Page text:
Correct posture & the RC factor

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Correct posture & the RC factor

“Health is a state of complete physical, mental and social well being, and not merely the absence of disease or infirmity”World Health Organisation. We are all busy bees , rushing round from A to B and harnessing the monkey mind. Everyone you meet is busy, busy, busy and as a result of moving faster and faster, we go forwards and forwards with our posture. We are all on are cell phones, iPads etc etccell-phone-text-messaging-posture-1030x538-2Major Betrand DeJarnette, a famous chiropractor developed the concept of RC factor . R stands for resistance, and C stands for contraction . Dejarnette showed, rightly, that whatever co contraction occurs (concentric) on one side of a joint, there must be equal and relatively opposing resistance in the antagonists for stabilisation of that, or any joint to occur.Forward-HeadSo our posture depicts the functionality of whats called the RC factor. As an instructor i don’t want to over expose clients to exercises that don’t require the body to generate balanced RC responses. Examples of such exercises would be crunches, because of the nature of the environment, such exercise require contraction, yet, due to externally applied stability from the floor, the need for resistance is reduced in proportion to the external stability provided. Such exercises have very little carry over into a functional environment. So in a nutshell the result is instability of any working joint or kinetic chain and ineffective transmission of both muscular forces and kinetic energy. Look at the pictures above, the eyes will always find the horizon, but look how the neck compensates. The RC factor will also probably increase dental work and orthodontics due to incorrect jaw neck relation plus poor eye sight that may be an effect due to constant strain.

basic-ab-crunch Are you still teaching crunches? or a raised head from the floor, do your clients or yourself complain of neck pain or headaches ? There are lots of alternatives that you can give in both Pilates, Movement and Yoga so that the body is working with space and not compression. This is not to say that they are wrong, just not right for that body at this present moment. According to the Levitt system the cervicle and lumbar spine work together, so when we are over mobilising or have problems in the cervicle it will correspond with the lumbar and vice versa.images-17Krishnamacharya states “Adapt to the individual”, we need to look how we can activate the body and correct forward head posture by using alternative planes of movement and alternative standing positions. Osteopath Guy Voyeur talks about releasing and stretching “Le Blanc Fascia”. I have done this at Rugby League – bringing the head back and slightly tucking it in, i also teach this on the Reformer without raising the head rest by training the full chain and creating length in the body.images-18This will of course depend on the severity of the forward head and raise the question head rest up or down?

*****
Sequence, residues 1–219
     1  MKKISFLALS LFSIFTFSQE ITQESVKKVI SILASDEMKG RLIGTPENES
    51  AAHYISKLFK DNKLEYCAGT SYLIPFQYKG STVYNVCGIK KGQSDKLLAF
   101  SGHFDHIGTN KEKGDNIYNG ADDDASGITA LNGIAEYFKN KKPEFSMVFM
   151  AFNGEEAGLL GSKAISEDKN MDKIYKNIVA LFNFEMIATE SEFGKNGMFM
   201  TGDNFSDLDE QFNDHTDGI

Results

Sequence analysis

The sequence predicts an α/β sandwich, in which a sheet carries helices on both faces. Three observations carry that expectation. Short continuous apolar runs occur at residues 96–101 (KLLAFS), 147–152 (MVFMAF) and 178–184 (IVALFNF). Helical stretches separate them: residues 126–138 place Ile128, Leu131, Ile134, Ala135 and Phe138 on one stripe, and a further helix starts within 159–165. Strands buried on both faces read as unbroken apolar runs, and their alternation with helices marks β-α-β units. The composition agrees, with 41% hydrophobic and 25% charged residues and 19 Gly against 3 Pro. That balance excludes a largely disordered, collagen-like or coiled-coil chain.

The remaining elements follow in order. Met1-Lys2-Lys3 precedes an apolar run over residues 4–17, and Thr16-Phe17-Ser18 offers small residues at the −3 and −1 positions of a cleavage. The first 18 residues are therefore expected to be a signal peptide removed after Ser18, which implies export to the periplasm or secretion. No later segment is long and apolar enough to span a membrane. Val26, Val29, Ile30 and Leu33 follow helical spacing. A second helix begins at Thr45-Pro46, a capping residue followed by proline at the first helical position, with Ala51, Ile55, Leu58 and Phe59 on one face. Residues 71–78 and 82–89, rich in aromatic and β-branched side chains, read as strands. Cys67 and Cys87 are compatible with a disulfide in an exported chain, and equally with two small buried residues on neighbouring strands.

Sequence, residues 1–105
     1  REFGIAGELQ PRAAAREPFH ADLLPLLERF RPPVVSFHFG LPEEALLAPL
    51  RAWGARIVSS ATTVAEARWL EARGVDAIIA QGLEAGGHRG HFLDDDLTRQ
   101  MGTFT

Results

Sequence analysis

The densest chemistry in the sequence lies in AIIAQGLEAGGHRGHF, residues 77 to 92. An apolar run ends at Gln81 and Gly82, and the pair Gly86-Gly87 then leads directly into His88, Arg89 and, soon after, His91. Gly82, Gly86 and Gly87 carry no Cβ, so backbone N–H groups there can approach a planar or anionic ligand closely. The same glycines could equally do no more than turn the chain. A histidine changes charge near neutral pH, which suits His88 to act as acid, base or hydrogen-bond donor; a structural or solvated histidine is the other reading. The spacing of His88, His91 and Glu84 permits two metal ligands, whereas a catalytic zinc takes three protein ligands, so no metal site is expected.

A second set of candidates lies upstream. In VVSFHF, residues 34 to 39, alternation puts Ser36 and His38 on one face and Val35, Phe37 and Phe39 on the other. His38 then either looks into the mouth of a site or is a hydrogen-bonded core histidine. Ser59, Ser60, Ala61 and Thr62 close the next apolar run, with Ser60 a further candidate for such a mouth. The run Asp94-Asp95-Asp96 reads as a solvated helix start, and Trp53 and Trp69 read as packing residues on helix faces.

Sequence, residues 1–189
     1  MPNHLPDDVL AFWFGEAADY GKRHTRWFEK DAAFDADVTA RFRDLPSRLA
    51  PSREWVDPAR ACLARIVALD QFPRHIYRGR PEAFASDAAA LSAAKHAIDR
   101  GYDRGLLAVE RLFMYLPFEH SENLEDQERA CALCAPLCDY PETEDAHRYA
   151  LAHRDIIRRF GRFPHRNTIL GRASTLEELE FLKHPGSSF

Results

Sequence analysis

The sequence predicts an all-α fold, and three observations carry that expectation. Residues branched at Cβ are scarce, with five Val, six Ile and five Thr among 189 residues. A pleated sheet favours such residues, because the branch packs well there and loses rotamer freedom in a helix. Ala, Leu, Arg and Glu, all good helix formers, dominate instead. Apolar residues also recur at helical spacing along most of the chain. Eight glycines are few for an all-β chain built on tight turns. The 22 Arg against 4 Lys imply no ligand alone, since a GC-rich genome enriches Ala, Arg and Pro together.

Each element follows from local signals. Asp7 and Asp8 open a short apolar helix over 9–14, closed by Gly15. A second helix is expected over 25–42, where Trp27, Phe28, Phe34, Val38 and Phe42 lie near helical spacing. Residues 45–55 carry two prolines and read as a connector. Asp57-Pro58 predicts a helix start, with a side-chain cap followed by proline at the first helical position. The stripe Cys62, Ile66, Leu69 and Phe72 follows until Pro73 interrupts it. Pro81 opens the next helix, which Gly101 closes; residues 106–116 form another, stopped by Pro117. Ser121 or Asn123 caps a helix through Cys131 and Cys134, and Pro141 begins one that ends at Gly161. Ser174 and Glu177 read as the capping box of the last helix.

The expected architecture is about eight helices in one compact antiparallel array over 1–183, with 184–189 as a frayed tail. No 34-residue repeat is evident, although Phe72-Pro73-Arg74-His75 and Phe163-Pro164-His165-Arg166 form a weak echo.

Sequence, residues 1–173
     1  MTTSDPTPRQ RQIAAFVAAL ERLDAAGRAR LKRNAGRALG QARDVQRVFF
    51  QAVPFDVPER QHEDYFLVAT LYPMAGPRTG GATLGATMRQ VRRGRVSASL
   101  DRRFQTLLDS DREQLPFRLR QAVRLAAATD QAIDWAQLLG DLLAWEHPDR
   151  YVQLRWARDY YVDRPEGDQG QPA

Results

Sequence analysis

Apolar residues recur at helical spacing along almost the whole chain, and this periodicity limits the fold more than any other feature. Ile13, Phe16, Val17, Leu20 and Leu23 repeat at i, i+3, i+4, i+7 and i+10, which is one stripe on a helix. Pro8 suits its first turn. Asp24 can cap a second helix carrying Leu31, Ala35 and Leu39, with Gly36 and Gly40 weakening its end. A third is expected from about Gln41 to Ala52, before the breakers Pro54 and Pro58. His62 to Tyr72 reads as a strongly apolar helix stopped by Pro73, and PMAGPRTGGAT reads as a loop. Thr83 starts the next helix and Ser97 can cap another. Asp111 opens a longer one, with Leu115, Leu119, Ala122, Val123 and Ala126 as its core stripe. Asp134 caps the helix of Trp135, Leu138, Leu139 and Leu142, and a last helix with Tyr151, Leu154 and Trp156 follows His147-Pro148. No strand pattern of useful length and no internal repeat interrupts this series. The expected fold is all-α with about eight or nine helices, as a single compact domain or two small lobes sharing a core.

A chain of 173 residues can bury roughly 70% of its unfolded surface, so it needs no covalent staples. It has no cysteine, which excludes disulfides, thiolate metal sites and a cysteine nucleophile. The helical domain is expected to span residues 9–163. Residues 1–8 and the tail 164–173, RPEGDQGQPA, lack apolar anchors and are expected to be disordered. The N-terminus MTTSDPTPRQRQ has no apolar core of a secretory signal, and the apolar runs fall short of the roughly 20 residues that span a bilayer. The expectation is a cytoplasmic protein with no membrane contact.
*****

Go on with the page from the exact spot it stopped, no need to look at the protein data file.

By | 2018-05-16T13:11:20+00:00 September 22nd, 2015|anatomy, pilates, yoga|0 Comments

About the Author:

Nisha is a certified Chek practitioner and holistic lifestyle coach.Her journey started when a visiting Laban teacher introduced her to Pilates at Dance College during her first year. It's effects were forgotten but she then re discovered Pilates through Michael King eleven years later whilst running her dance school. Her background spans over 25 years with formal training in classical ballet, modern dance, tap, national choreography, stage production and theatre. Her formation includes Pilates, Thai bodywork, Yoga, GYROTONIC, GYROKINESIS and anatomical studies. Her particular interest is fascia, and the connective lines and movement patterns that allow a full moving structure rather than the isolation of bones and muscles. Her fascination with questioning the traditions of modern medicine and fascination with searching for meaningful answers has taken her in many different directions and has offered her an abundance of opportunities gaining a wealth of knowledge. “I tried many movement modalities and extended my search after experiencing fascia, because of its simplicity in movement. Quickly, I noticed my own body changing as well as the bodies of my own clients. In the last 25 years of teaching I’ve developed a workout unique to Yoga Anatomy". Throughout her studies Nisha has done numerous dissections with Julian Baker and Cery Davies and has the opportunity to take lectures and courses from Robert Schleip, Joanne Avisons, Tom Myers, Matt Wallden, Emma Lane, Gary Carter, Paul Chek, Dan Hellman, Peter Blackaby, James de Silva plus many many more Nishas teaching method promotes reflective self-discovery and provides the requirements to integrate a shift in consciousness for attaining individual goals. She maintains that an attitude of compassion, consistency and joyous humor are excellent components to growth and expanded potential. She welcomes all level of movers from the beginner to the seasoned athlete who have a desire to increase their skill potential, also teachers and students. Her specialties include assisting post rehabilitative individuals, injury prevention for dancers and athletes and advanced movement programs.